# Symmetry and Groups

## Symmetry

Natural forms such as snowflakes, sea shells, water droplets, mineral crystals, and faces exhibit "symmetry." Often, symmetry correlates with beauty: a visual stimulus translated directly to sensations of pleasantness without words or conscious thought. In this post we'll explore what mathematicians mean by symmetry and see how symmetry inspires work at Differential Geometry. Our aim is not maximum generality, but bridging familiar qualitative experiences of "symmetry" with mathematical structure.

To start, we'll distinguish "objects" and "transformations." Loosely, objects are shapes, such as circles, disks (filled circles), spheres, line segments, squares (filled or not), and other polygons. In the same qualitative sense, transformations are operations performed on objects, such as rotation, translation, reflection, uniform or non-uniform stretching, and folding. Linguistically, we are thinking of objects as nouns, and transformations as verbs.

Every object has at least one symmetry: "Do nothing," or "leave it alone." Mathematicians call this the identity transformation. This is a fundamental property, which we record for later: Doing nothing is a symmetry.

As we're using the terms "object" and "transformation," they are mathematical abstractions. Part of their interest, however, is an approximate correspondence with real snowflakes, sea shells, water droplets, crystals, and faces.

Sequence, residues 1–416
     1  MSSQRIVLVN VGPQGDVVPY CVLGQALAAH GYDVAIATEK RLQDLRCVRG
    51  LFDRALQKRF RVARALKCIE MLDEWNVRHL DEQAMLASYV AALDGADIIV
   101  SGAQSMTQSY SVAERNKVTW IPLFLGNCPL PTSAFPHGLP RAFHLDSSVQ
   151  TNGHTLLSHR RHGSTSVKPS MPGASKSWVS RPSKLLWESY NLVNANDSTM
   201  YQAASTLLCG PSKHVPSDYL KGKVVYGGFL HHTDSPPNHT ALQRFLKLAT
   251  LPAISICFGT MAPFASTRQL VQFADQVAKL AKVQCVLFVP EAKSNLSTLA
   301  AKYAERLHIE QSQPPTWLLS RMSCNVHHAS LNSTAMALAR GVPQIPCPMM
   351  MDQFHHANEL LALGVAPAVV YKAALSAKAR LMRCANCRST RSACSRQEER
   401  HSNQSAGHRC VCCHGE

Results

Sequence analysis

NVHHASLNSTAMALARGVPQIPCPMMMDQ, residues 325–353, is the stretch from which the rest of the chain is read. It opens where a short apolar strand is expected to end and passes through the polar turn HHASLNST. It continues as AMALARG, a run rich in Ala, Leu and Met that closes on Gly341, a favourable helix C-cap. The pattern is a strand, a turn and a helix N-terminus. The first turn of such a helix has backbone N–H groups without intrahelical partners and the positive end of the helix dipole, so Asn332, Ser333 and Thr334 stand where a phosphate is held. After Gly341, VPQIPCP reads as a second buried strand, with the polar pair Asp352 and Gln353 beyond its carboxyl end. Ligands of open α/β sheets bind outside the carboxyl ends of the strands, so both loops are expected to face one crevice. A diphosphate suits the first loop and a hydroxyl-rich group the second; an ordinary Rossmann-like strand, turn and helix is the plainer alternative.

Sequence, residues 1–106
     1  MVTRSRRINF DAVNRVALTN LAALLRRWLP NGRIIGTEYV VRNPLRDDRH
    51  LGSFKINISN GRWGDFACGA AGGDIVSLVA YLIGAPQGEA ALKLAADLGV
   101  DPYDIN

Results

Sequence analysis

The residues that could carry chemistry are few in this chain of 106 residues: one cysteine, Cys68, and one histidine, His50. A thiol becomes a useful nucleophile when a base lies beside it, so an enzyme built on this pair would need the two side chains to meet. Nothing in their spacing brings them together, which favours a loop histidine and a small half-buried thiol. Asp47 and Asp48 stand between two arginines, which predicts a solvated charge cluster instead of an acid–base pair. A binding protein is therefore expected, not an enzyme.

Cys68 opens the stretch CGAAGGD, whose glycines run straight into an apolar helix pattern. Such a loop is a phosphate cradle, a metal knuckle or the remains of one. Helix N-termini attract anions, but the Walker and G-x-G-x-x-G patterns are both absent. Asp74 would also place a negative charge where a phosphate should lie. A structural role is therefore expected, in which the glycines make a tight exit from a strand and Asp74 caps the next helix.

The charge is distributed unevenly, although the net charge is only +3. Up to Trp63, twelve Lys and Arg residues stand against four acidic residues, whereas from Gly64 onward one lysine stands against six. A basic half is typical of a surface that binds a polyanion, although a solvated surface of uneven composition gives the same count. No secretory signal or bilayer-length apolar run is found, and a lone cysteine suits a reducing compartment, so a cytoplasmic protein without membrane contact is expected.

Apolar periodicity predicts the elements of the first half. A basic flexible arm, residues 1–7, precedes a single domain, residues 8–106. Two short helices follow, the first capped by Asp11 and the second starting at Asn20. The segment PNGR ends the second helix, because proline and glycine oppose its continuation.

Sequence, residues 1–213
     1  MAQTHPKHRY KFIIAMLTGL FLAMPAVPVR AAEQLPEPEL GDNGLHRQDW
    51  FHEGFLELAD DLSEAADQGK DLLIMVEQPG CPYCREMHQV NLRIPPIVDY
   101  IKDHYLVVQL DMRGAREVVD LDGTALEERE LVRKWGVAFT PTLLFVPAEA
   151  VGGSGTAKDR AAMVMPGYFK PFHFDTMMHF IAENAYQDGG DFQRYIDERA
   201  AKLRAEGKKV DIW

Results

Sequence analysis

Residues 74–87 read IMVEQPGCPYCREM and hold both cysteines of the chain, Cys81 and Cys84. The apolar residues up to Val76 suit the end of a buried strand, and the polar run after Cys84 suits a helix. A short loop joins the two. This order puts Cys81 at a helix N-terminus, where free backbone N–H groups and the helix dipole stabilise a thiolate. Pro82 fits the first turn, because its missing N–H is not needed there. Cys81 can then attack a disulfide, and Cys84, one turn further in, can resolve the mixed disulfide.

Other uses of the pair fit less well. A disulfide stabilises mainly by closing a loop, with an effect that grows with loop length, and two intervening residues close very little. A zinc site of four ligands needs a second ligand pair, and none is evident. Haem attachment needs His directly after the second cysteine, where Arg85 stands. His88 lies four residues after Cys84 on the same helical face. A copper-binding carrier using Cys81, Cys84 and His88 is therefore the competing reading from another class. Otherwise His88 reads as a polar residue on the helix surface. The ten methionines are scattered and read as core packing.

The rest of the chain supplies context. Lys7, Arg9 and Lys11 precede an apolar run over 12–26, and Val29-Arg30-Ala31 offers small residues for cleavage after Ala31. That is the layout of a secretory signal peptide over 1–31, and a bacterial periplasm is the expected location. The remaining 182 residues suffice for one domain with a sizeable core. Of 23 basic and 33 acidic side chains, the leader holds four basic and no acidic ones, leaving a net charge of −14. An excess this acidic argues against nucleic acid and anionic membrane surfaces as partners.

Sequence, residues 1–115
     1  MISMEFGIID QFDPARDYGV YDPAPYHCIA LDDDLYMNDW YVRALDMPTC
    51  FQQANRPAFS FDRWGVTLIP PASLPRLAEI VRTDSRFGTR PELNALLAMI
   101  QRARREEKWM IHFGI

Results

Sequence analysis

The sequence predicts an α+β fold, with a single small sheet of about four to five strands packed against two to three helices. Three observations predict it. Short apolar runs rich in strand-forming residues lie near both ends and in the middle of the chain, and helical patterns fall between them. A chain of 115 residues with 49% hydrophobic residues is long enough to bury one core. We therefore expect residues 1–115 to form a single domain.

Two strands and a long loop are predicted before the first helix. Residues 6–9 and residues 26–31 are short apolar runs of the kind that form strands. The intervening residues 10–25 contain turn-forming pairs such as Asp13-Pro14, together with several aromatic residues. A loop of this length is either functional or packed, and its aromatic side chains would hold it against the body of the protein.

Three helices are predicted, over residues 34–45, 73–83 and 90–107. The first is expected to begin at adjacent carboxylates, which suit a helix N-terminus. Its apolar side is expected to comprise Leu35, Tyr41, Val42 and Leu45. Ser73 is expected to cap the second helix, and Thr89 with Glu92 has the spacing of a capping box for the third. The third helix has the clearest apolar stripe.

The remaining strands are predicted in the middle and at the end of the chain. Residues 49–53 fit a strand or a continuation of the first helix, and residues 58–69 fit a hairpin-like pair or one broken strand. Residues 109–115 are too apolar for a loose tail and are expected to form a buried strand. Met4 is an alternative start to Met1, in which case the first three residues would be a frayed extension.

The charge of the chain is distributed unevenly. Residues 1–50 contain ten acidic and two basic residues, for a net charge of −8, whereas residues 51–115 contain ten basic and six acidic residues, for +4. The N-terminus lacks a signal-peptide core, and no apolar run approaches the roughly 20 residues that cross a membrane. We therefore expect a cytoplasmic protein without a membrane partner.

## Rotation

Before trying to define symmetry, let's look at what happens to a square, an octagon, and a circle under rotation about their common center. Before reading further, try to put into words what you observe.

The initial orientations of a square, octagon, and circle are shown in light gray. When these three objects are rotated, the square and octagon do not always "line up with" with their initial orientations. The circle, however, does.

The blue flashes visually emphasize the symmetry. When one of the rotated shapes coincides with its initial orientation, it is drawn in a heavy blue line rather than a thin black line. After one-quarter turn, the square "lines up with itself" and flashes blue. After one-eighth of a turn, the octagon lines up with itself and flashes blue. The circle continually lines up with itself, and is always drawn with a heavy blue line.

Because the square lines up with itself after one-quarter turn, it also lines up with itself after two-quarters turns, or one-half turn; and after three-quarters turns; and four-quarters turns; and so on. This turns out to be a fundamental property of symmetry: A symmetry followed by a symmetry yields a symmetry. In math-speak, A composition of symmetries is a symmetry.